The answer is: A polit­ical sci­ence and com­mu­ni­ca­tions studies com­bined major, with an affinity for U.S. his­tory, she is North­eastern University’s first-​​ever par­tic­i­pant on the Jeop­ardy! Col­lege Cham­pi­onship.

Who is Kate Laubscher?

On Tuesday night, Laub­scher, SSH’18, will rep­re­sent the Red and Black in the second quar­ter­final of the 2016 tour­na­ment, in which col­lege stu­dents show­case their gen­eral knowl­edge skills on the famous quiz show for a chance to win the $100,000 grand prize.

It was a crazy expe­ri­ence,” Laub­scher said. “They filmed the whole tour­na­ment over two days so it was a whirl­wind. It’s a very short amount of time to prove your­self. But I’m really excited to have had the oppor­tu­nity to rep­re­sent Northeastern.”

The episode, which was filmed in Jan­uary, will air Tuesday at 7:30 p.m. EST on CBS. Check your local list­ings if you aren’t in the EST zone.

Laub­scher grew up watching Jeop­ardy! with her father Rick, whom she said has the skills to be a con­tes­tant on the show him­self. She knew of the Col­lege Cham­pi­onship and took the online exam, a require­ment for all prospec­tive Jeop­ardy! contestants.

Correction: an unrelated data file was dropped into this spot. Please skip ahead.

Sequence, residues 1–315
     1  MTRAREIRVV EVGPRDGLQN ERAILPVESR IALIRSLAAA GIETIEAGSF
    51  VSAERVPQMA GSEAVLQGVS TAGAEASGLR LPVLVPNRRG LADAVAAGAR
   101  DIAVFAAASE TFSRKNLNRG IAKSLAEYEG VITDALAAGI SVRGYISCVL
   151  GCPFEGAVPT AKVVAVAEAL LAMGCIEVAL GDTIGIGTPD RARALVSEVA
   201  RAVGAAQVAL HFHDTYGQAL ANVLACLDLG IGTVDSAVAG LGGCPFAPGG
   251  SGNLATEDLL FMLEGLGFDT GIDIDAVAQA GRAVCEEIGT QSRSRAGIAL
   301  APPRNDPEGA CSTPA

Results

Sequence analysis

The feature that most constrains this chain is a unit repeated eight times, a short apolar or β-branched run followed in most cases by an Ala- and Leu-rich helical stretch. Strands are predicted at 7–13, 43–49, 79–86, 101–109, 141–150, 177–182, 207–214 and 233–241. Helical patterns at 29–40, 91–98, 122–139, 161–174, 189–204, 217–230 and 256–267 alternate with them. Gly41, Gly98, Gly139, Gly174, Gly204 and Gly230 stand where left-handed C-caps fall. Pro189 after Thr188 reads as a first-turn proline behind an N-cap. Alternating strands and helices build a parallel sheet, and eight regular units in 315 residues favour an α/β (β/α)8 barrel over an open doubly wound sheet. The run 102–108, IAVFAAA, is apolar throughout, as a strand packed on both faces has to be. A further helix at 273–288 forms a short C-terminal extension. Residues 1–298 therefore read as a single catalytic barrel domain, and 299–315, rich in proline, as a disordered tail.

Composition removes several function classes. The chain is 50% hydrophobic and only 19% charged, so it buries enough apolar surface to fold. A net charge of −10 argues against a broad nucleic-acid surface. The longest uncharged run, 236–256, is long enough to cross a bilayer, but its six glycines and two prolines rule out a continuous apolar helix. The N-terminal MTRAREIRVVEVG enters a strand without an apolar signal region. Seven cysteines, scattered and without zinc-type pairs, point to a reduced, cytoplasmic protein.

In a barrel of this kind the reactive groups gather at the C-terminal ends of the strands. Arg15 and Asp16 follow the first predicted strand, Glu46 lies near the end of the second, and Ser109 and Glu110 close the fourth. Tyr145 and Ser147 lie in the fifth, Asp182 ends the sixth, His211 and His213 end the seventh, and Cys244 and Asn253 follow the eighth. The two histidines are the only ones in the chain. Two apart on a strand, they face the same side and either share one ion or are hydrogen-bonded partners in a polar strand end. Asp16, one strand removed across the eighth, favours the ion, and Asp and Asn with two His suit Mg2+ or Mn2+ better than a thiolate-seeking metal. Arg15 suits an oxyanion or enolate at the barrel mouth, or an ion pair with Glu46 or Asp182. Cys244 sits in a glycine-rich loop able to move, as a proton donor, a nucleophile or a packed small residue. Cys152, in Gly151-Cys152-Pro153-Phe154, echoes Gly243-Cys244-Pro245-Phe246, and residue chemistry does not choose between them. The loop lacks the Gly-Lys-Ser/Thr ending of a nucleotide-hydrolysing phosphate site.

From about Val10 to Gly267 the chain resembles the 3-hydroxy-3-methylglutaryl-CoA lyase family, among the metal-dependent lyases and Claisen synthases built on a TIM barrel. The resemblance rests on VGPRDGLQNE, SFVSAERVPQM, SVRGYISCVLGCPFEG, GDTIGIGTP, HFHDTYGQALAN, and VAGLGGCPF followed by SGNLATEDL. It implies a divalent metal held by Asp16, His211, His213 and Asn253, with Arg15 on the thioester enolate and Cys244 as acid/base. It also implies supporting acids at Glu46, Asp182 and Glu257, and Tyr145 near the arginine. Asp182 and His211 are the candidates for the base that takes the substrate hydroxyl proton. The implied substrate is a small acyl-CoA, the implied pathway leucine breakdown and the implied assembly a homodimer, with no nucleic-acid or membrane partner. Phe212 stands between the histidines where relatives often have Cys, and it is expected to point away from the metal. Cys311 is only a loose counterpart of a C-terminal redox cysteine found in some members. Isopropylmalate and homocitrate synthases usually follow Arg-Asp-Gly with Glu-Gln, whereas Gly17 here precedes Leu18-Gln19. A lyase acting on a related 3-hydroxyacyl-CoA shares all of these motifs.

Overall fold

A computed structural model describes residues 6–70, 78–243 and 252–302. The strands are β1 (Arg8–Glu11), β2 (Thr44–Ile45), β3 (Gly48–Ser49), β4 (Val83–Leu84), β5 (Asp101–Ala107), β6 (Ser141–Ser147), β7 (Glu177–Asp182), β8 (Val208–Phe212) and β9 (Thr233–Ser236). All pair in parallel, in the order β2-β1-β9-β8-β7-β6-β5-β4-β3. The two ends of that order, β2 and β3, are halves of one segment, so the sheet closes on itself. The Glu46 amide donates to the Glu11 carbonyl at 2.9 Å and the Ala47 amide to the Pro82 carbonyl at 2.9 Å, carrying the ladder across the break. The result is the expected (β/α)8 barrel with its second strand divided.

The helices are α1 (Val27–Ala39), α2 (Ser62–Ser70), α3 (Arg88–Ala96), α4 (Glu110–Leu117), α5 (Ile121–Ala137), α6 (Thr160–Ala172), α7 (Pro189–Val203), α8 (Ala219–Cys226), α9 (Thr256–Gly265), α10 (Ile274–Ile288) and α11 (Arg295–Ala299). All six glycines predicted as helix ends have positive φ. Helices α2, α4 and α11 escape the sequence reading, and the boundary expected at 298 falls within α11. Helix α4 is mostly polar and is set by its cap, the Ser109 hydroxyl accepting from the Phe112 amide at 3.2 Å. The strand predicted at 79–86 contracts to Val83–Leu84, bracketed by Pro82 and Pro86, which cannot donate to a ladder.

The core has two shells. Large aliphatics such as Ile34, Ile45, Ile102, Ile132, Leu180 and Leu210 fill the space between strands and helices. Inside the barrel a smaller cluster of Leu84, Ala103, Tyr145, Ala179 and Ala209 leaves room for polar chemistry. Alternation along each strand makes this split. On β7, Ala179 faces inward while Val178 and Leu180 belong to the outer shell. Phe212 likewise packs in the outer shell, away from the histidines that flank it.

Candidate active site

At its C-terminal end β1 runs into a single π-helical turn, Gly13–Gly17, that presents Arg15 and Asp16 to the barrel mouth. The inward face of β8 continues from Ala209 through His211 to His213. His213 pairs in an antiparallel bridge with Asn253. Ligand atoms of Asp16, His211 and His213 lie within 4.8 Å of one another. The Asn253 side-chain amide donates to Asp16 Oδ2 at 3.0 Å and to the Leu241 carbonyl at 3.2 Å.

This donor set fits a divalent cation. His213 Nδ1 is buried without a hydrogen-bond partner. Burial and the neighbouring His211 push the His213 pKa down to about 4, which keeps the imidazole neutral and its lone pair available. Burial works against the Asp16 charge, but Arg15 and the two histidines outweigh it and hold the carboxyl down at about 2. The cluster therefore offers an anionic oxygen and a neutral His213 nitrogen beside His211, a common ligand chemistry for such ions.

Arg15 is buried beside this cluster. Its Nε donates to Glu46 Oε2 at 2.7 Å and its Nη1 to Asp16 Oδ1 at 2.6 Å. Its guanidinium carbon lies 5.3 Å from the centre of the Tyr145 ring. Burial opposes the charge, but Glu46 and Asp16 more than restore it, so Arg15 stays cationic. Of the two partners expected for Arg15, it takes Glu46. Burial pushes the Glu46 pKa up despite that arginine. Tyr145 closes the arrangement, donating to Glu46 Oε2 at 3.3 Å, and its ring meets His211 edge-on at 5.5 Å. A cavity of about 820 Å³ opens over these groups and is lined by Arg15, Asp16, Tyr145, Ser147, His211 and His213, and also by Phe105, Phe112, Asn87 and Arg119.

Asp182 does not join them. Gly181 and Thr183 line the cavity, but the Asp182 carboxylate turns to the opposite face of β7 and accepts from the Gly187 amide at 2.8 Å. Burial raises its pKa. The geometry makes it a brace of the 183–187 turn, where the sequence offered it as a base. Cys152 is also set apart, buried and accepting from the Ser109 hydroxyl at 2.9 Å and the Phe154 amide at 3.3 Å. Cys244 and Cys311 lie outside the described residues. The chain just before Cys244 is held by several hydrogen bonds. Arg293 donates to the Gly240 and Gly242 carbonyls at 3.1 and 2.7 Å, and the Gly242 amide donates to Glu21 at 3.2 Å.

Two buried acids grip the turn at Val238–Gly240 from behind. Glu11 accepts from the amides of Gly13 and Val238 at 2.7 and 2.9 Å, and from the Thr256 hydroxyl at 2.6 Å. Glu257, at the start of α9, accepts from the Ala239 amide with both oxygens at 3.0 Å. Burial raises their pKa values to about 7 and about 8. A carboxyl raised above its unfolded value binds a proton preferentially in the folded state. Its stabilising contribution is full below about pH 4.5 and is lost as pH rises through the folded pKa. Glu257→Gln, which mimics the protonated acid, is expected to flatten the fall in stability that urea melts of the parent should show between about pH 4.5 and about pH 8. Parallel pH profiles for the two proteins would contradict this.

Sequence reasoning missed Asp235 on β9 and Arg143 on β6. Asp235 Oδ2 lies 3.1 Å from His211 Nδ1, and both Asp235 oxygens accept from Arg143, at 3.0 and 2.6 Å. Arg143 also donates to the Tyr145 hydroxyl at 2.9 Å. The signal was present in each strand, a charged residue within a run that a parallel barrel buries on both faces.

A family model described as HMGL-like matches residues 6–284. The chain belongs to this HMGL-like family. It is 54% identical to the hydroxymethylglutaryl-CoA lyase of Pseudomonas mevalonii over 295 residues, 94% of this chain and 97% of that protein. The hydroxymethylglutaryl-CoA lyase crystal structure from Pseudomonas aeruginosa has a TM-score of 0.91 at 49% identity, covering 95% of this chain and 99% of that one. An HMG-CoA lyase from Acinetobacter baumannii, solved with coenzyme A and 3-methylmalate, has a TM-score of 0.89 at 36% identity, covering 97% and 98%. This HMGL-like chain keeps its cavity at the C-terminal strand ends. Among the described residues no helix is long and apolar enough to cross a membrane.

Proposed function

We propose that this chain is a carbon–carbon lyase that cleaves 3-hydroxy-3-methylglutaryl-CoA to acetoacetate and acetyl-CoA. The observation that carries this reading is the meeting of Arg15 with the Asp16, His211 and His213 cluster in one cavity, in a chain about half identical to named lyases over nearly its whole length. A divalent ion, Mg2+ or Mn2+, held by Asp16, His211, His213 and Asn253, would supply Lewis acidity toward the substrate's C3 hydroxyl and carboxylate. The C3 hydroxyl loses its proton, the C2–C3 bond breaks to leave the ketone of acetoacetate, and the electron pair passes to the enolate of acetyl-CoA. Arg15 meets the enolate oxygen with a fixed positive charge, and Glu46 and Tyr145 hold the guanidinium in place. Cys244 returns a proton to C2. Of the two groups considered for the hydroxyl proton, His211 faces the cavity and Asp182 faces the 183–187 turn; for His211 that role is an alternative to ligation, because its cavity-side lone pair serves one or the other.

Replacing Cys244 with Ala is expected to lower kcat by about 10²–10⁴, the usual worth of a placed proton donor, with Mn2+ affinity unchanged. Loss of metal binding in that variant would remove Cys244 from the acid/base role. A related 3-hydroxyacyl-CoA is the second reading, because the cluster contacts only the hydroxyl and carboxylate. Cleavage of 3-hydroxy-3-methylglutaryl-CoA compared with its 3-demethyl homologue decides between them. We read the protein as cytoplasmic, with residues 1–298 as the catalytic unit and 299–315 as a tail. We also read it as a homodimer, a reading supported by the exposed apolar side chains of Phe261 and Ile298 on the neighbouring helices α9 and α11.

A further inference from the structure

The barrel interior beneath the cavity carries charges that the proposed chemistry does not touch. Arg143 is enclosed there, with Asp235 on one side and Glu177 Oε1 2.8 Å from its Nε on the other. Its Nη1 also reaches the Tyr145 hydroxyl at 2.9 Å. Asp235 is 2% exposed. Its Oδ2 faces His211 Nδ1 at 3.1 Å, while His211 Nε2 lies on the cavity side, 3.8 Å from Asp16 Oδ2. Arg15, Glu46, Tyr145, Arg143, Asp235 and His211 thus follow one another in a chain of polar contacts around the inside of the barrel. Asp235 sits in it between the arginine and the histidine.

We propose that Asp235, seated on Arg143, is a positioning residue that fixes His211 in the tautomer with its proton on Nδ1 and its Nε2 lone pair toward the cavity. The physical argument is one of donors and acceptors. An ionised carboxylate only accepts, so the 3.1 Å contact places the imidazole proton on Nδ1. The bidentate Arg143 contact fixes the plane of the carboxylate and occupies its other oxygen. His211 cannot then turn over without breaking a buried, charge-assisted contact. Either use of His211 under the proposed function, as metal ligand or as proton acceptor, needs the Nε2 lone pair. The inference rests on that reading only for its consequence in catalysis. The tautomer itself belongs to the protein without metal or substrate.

I kept my expec­ta­tions pretty low,” Laub­scher acknowl­edged. “I just wanted to see how I would do. And I just kept moving on through the process.”

She scored well enough to be one of about 250 stu­dents selected for the next phase, which included trav­eling to New York City to take a written exam and playing a mock ver­sion of the game in front of three of the show’s producers.

When Laub­scher said she found out she was going to be on the show, every­thing moved so quickly that she didn’t have a lot of time to pre­pare. And rec­og­nizing that it’s pretty dif­fi­cult to study for Jeop­ardy!, she focused on topics that were easy to mem­o­rize, such as world cap­i­tals and the names of U.S. presidents.

I don’t think my prepa­ra­tion was as rig­orous as it could have been, but I’m not very good at cram­ming so it might not have helped,” she joked, adding, “My friends wanted to help me and kept ambushing me with questions.”

She also watched episodes of the show and prac­ticed buzzing in to answer, using a pen she got at the live audi­tion in New York City. “The buzzer is actu­ally really dif­fi­cult, just to get the timing right, and that can be frus­trating,” Laub­scher said.

And while she couldn’t reveal how well she per­formed in the tour­na­ment, which runs until Feb. 12, Laub­scher encour­aged the North­eastern com­mu­nity to watch the entire competition.

It’s going to be a good tour­na­ment,” she said. “There are some very smart students.”